Let’s assume that you make it through the initial shock, and peacefully deal with the waiting months until the new partner arrives. After all, your partner is so excited about it, so how bad can it be?
But then, they arrive. Your life changes in a single day. Hugs are no longer as available. You now have to be quite to not wake up the new partner. You have to wait because the new partner’s needs are suddenly more important than yours. Everything you’ve learned, everything you gained and was so proud of, now turns against you. You’re more experienced, you already know how things here work. So you can wait.
A few months pass, and if you’ve somewhat adapted to the new situation, soon more challenges will arise. In addition to sharing your partner’s love and time, you might need to share a room with that new partner. Give up some of your older clothes and possessions.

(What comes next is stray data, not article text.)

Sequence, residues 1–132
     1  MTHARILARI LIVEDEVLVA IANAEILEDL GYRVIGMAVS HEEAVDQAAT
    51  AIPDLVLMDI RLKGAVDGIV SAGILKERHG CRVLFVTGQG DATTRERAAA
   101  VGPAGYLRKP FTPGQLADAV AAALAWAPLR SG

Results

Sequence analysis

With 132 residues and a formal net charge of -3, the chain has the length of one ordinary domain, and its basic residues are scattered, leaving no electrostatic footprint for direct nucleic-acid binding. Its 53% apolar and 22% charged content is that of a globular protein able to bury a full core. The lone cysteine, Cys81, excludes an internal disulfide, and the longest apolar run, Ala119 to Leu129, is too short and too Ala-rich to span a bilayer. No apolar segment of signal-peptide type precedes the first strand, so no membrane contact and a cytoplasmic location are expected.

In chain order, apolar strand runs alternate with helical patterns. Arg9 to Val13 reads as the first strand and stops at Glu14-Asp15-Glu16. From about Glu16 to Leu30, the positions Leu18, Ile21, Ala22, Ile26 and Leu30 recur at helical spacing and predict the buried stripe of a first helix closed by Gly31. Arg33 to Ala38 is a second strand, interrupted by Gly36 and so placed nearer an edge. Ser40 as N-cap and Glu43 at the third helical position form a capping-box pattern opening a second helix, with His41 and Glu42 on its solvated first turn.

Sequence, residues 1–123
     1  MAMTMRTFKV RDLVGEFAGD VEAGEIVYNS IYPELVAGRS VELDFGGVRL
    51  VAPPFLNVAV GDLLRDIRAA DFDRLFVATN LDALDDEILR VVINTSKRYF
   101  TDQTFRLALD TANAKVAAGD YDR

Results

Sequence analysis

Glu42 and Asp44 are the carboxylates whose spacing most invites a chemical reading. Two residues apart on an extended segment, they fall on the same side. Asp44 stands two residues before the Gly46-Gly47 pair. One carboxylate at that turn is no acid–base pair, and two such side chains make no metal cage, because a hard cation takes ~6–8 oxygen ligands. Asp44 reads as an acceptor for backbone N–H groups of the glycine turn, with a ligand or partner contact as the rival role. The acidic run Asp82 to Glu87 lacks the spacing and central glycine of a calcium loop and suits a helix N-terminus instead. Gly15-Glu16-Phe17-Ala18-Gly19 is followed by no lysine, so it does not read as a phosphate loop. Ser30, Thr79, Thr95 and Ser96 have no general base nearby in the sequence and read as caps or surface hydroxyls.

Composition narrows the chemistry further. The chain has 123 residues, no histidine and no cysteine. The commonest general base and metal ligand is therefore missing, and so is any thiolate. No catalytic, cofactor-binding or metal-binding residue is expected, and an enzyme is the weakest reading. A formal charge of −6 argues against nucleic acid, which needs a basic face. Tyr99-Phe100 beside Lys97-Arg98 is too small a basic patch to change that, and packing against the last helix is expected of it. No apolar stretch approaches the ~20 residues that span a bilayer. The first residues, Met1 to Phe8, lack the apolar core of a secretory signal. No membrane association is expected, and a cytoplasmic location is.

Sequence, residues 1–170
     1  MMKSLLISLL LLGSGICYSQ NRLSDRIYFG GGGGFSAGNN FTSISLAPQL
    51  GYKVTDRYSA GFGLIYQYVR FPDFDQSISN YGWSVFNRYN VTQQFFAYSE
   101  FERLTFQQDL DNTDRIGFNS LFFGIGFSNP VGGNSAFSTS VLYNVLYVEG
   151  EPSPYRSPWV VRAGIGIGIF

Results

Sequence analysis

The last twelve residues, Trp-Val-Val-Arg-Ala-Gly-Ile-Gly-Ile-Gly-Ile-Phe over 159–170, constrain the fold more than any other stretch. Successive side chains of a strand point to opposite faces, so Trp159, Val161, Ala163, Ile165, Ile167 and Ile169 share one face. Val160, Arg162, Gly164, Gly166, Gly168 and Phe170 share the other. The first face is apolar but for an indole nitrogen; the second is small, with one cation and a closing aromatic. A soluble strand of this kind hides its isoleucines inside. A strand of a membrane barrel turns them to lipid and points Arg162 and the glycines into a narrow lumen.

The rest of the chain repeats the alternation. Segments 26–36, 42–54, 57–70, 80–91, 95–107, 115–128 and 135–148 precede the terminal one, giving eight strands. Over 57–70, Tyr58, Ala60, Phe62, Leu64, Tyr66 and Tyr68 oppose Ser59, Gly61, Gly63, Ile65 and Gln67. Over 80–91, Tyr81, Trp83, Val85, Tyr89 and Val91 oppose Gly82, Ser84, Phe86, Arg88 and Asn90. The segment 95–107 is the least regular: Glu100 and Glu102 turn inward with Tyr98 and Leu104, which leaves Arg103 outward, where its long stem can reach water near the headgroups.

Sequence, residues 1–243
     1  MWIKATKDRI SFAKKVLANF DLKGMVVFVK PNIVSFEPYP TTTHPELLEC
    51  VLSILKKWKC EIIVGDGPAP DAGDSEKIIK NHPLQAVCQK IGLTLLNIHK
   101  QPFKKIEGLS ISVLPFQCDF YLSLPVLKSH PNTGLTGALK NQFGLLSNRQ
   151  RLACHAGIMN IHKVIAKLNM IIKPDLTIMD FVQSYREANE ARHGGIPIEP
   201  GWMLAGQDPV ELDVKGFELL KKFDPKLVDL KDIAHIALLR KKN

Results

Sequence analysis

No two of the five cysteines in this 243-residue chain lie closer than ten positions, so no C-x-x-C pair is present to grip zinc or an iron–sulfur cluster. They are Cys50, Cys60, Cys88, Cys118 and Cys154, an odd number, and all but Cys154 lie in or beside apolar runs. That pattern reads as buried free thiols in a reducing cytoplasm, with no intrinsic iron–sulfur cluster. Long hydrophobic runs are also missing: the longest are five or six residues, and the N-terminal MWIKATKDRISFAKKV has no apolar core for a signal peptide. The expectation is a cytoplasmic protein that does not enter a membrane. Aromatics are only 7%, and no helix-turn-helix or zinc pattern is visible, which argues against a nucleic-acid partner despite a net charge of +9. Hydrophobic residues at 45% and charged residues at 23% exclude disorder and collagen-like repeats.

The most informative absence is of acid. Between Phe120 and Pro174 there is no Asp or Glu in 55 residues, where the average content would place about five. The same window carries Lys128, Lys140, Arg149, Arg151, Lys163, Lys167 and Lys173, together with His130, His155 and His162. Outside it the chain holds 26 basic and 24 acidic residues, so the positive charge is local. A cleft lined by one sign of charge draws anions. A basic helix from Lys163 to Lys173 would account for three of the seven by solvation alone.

Wow. Can you feel it? How lonely does it feel? How betrayed, and how robbed?
The Real Cause to Sibling Rivalry
Adults don’t really think about children as people. We think of them as children, yet we expect them to behave as adults in the most challenging situations. The birth of a new sibling is only one of these situations where the little ones are expected to adapt, yet we never consider the full magnitude of the feelings that arise with the birth of a new sibling.
A birth of a new sibling is literally a brand new world for the “older” child. Everything she had known and loved changes within a single day. It’s a threat upon her very soul, upon her deepest needs. And it doesn’t matter how positive she seems to be about this development, a certain sense of a “new partner” will always be there. As of now on she will have to compete for what was previously handed to her on a silver spoon – your love, your connection, your attachment.